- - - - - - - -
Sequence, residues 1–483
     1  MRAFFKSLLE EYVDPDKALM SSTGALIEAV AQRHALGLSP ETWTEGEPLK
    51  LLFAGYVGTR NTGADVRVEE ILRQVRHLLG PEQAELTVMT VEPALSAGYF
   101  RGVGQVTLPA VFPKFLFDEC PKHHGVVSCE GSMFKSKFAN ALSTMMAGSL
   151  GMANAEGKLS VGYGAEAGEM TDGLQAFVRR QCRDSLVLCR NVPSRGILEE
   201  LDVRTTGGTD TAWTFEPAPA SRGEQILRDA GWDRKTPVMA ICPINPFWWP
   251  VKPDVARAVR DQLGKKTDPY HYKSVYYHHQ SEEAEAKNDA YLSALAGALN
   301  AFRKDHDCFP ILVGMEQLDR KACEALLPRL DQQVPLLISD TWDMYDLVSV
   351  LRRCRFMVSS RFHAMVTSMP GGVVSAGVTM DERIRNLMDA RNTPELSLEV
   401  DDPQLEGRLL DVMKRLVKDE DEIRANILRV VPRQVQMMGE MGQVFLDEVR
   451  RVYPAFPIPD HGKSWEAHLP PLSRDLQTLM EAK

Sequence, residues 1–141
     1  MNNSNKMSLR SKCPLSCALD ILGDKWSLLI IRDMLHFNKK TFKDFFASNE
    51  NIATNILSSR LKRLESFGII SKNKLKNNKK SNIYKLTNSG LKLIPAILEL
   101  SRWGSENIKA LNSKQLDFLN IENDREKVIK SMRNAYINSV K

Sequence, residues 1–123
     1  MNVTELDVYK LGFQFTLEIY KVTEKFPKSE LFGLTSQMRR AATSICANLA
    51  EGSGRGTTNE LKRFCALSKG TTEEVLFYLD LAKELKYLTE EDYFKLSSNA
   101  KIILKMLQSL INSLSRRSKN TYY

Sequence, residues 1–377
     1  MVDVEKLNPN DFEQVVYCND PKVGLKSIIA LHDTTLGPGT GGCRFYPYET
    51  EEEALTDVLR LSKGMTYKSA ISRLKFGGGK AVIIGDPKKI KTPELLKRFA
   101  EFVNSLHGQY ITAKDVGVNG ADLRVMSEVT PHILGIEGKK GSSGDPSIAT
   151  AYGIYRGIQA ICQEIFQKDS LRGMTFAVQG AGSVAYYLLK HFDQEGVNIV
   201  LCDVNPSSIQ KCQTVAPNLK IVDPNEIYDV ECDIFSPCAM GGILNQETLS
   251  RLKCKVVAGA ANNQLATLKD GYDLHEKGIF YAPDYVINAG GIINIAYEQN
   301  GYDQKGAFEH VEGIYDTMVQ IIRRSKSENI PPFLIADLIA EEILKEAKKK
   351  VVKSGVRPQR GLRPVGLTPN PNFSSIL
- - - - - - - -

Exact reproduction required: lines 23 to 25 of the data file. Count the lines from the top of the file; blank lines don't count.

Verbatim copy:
   101  EFVNSLHGQY ITAKDVGVNG ADLRVMSEVT PHILGIEGKK GSSGDPSIAT
   151  AYGIYRGIQA ICQEIFQKDS LRGMTFAVQG AGSVAYYLLK HFDQEGVNIV
   201  LCDVNPSSIQ KCQTVAPNLK IVDPNEIYDV ECDIFSPCAM GGILNQETLS